more brushes with death

Yesterday morning as I was getting into the car, a harried looking nurse ran down our garden path, opened our door and called into the house. A few moments later I heard her apologising to Satya for getting the wrong address.

By the time I had started the engine she was back in her own car and driving down the road. I passed her a little later, pulled up in front of another house.

This afternoon as I was pulling up weeds in the front garden I noticed a hearse passing. It parked up further down the street. It had stopped in the same place the nurse had stopped yesterday. Two suited men got out, with serious expressions and black ties. I watched them getting an empty stretcher out of the hearse.

It’s possible, but unlikely, that these two events are unconnected. When the hearse passed I was already thinking about tidying up the gardening tools and getting a cup of tea. I didn’t wait around to see if the two smart men brought a body back out of the house with them.

This morning Satya gave a talk on A Buddhist Approach to Following Your Dreams. She talked about which dreams come from the Ego, and which are more selfless, how we can tune into our dreams and what the risks and rewards are of following them.

In the discussion afterwards we talked about broken dreams: what is it like when you have a vision in mind and suddenly it is taken away? Sometimes we let our dreams die and sometimes we try and keep them alive beyond their natural lifespan.

A few weeks ago I thought there was a reasonable chance that the building I had begun dreaming about would be taken away from me.

The Trust that supports our Buddhist group is in the process of buying a wonderful building for Satya and me to run as a temple here in Malvern, and for a little while I thought the whole thing was at risk of falling through.

Any house purchase has a whole host of things which are outside of the control of a single person. I remember the stress of buying our current home: there were phone calls every day to make sure other people were doing the jobs they were supposed to be doing. With this deal it’s not even me buying the building I have set my heart upon; I’m even less in control.

When it looked like the deal was at risk I must have been disappointed at some level, although I think I would have appeared pretty pragmatic if you’d spoken to me at the time. I suspect I pushed all those worried feelings deep down inside somewhere. Occasionally they would slip out in a few sharp words but mostly they kept themselves pretty hidden.

It was only the great sense of relief I felt when the deal was back on that clued me in to what level of feeling I’d been keeping at bay.  It was also at that point I accepted the project was really going ahead, and not just something that I would like to happen. I began to get excited about moving and then suddenly I was surprised by grief.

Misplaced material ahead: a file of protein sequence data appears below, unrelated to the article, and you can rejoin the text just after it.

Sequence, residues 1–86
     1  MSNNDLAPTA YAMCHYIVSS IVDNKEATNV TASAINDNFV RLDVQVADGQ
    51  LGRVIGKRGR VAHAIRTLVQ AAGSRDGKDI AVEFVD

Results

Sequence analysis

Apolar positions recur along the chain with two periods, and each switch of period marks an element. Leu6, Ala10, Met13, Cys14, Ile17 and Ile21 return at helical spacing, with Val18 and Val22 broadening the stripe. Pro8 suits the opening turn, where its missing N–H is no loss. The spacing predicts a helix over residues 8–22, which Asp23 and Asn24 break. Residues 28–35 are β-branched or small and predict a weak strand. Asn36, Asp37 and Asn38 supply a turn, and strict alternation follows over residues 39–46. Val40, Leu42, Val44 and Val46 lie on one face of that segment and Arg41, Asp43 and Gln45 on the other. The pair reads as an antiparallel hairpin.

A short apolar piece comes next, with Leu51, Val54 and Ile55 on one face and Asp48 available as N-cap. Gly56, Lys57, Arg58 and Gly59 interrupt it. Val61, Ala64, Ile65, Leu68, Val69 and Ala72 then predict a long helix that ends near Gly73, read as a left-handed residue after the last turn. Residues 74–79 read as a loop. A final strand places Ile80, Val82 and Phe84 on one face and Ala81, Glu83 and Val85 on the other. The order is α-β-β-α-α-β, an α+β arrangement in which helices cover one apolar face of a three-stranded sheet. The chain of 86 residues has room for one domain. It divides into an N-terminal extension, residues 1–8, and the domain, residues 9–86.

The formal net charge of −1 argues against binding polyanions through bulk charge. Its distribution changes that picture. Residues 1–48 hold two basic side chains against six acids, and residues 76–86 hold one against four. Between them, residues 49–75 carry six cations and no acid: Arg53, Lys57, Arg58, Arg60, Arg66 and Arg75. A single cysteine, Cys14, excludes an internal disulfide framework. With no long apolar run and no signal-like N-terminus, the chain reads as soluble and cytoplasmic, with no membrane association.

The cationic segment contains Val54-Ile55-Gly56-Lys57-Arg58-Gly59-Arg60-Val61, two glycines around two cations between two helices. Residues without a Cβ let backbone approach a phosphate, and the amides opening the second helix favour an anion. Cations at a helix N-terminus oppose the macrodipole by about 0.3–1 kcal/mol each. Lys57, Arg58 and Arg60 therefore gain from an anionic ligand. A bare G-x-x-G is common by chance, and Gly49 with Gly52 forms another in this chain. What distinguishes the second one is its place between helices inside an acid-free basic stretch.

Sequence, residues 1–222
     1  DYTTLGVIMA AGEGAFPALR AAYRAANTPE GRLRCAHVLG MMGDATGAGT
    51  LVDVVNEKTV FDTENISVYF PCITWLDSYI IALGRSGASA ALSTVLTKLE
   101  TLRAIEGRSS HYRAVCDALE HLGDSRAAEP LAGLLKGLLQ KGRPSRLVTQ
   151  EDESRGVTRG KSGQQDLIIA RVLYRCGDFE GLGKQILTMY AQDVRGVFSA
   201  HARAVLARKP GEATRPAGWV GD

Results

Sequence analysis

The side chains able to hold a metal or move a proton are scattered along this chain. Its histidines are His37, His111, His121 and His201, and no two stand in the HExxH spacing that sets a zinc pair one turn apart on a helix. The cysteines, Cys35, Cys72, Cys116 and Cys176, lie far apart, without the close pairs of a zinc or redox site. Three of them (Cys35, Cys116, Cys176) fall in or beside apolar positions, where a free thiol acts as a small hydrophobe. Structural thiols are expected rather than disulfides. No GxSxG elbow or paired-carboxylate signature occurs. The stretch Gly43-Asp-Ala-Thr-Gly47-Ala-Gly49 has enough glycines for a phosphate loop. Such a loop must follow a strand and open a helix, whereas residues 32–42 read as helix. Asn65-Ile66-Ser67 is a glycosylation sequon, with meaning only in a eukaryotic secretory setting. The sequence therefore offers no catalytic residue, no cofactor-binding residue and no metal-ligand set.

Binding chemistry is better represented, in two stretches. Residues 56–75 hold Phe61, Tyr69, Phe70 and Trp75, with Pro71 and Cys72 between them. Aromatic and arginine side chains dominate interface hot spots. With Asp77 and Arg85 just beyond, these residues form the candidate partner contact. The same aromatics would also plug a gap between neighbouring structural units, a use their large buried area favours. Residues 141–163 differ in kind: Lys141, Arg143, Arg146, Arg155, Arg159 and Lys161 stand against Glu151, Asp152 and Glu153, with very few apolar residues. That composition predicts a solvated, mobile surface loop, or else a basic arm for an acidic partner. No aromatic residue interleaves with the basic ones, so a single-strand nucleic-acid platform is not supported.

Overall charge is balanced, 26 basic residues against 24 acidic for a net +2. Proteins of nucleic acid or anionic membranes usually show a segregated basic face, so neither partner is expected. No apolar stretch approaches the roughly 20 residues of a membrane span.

After our offer was accepted on the new place, dark dreams disturbed my sleep for a couple of nights. In the wee small hours of the morning I woke up in tears.

I traced back my thoughts into my dreams and I realised that I was grieving for futures that could no longer be, now that I was committing my life to running the temple.

Theatre director Anne Bogart has said that every creative act is a violent one. Even the simple act of placing a chair in place on a stage destroys all the other possibilities for where that chair might be.

I’m not even sure what those old dreams were: the last wisps of the teenage fantasy of being a rock star, perhaps, or my dreams of going back into the theatre myself. There is still time for those things of course, but not in the magical way of my most grandiose of dreams.

Every now and again I catch myself fantasising about life in the new place. My ego works hard to create visions of being there in a way in which I can be up on a pedestal and life is easy. I try to give those dreams up as soon as I spot them.

If I didn’t want to grieve for those unlived futures I could have tried to keep the dreams alive. I could have turned them over in my mind in the quiet spaces of the day and allowed them to infect my sleep too.

Down that path leads madness: resentment of the gap between my lived life and the dream world and a lack of gratitude for the amazing dream that is being realised.

Just like our physical being, every dream has a natural lifespan.

Recently I met the death of some of my dreams, and it was good.

I don’t know who lives at the house the hearse stopped in front of this morning, but I hope that whoever lived there  lived well, I hope that those that were close to them can grieve well, and that new good dreams will flourish.


  1. Thank you so much. Tears came as I read this and more as I write this. I am hit with a realization of how much I both try to grieve the closed doors and try to keep them open, and push against them, at the same time. It is definitely crazy making.

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